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Plastics and Climate Change: Consequences of Plastics Production, Use, and Disposal as a Major Contributor to Climate Warming and Harm to Health
Plastics have become an everyday part of our lives, including the many unintended consequences of plastic production, use, and disposal. Chemicals added to plastics – to make them stronger, more flexible, or UV resistant - have been found to be toxic and have widespread adverse effects on environmental and human health. The production and disposal of plastics is unjustly concentrated near low-income communities and communities of color. To add to this list, and the subject of this webinar, it is clear from the findings of a recent report that plastics are a major contributor to global greenhouse gas emissions and climate warming.

Beyond Plastics’ recent report is entitled ‘The New Coal: Plastics and Climate Change’. The report documents the ‘less-talked about’ relationship between plastics and greenhouse gas emissions, detailing the impacts of each stage of the plastic cycle from fracking and cracking of hydrocarbons to create plastic feedstocks, to off gassing during their usable life, and the disposal of plastics through burial, incineration, and as litter. Motivated to reduce national greenhouse gas emissions, the US shut down many coal-fired power plants in recent years. However, the growing US plastics industry – this ‘New Coal’ - is on track to produce more greenhouse gas emissions than these reductions.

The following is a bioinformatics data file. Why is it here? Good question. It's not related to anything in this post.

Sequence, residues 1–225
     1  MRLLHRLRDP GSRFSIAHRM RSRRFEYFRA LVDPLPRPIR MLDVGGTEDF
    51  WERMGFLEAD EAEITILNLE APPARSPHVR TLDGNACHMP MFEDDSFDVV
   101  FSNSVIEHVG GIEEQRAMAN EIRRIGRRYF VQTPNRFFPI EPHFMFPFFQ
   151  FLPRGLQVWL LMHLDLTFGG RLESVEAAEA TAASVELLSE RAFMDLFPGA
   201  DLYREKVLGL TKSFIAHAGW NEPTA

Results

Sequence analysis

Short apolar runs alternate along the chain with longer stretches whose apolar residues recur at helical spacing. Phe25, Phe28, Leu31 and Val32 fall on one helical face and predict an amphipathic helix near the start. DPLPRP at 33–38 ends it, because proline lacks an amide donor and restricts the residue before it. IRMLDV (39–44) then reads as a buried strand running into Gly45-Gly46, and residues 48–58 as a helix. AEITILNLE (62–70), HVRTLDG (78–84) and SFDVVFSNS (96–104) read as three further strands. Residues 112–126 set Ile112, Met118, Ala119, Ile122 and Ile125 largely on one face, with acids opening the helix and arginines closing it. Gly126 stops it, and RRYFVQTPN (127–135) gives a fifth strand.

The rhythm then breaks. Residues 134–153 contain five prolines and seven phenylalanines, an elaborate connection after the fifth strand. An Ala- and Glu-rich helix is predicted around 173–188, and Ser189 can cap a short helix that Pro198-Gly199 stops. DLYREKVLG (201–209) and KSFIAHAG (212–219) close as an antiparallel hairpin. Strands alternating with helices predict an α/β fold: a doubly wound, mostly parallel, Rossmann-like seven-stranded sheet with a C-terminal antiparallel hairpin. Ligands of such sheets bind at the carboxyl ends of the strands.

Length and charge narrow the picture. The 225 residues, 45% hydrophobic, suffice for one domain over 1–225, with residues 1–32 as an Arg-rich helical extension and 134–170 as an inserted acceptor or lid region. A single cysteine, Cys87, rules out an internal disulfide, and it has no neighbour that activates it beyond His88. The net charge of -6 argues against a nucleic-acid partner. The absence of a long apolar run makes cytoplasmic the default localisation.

Please join us on Wednesday, February 23 at Noon (Alaska Time) for a lunch and learn presentation by the authors of this report. This topic is very relevant for Alaskans. Alaska and the circumpolar Arctic are warming at three times as fast as the rest of the planet as a whole, disproportionately and adversely affecting Alaskans’ food security, transportation, and cultures.

More details can be found at our website - https://www.akaction.org/february-che-alaska/
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